3. That whatever debt improvements PREPA ultimately makes be used to make room for prudent investments in solar energy, wind energy, and energy efficiency and not for an increase in the agency’s reliance on natural gas.
  4. That the final deal include plans to reduce PREPA’s high electric rates so as to protect ratepayers and avoid undermining Puerto Rico’s future.

A new debt agreement for PREPA could provide the agency with crucial financial flexibility and a timely platform to launch a new energy plan for Puerto Rico.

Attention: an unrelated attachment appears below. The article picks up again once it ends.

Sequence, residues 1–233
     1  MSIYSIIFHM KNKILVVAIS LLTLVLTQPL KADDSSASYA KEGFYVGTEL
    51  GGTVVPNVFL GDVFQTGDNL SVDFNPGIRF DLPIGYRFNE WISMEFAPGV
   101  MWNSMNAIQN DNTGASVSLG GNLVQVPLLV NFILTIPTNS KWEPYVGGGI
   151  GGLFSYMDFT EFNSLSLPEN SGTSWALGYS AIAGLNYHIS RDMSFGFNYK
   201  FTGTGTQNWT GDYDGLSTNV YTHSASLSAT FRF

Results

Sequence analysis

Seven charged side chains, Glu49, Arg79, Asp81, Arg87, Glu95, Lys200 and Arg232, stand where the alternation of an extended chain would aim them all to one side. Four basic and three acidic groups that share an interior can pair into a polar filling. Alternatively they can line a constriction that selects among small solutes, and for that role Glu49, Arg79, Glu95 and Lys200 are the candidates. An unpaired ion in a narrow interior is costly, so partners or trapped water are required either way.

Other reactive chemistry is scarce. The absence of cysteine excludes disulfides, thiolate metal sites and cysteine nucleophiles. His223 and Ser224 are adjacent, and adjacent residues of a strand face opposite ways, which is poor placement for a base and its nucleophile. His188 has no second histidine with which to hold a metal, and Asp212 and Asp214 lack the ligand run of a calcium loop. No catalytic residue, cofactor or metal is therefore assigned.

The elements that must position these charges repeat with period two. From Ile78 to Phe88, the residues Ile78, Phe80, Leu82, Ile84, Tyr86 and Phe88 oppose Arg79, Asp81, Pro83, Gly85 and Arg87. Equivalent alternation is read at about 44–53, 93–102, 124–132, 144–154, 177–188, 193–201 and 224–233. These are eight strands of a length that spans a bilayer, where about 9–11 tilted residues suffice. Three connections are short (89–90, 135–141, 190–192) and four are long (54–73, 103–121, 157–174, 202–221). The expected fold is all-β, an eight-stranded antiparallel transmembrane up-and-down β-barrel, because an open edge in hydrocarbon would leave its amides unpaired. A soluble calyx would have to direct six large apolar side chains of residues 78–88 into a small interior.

Please view full report PDF for references and sources.

Cathy Kunkel

Cathy Kunkel is an Energy Consultant at IEEFA.

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Tom Sanzillo

Tom Sanzillo is Director of Financial Analysis for IEEFA. He has produced influential studies on the oil, gas, petrochemical and coal sectors in the U.S. and internationally, including company and credit analyses, facility development, oil and gas reserves, stock and commodity market analysis, and public and private financial structures.

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David Schlissel

David Schlissel is an IEEFA analyst with 50 years of experience as an economic and technical consultant on energy and environmental issues.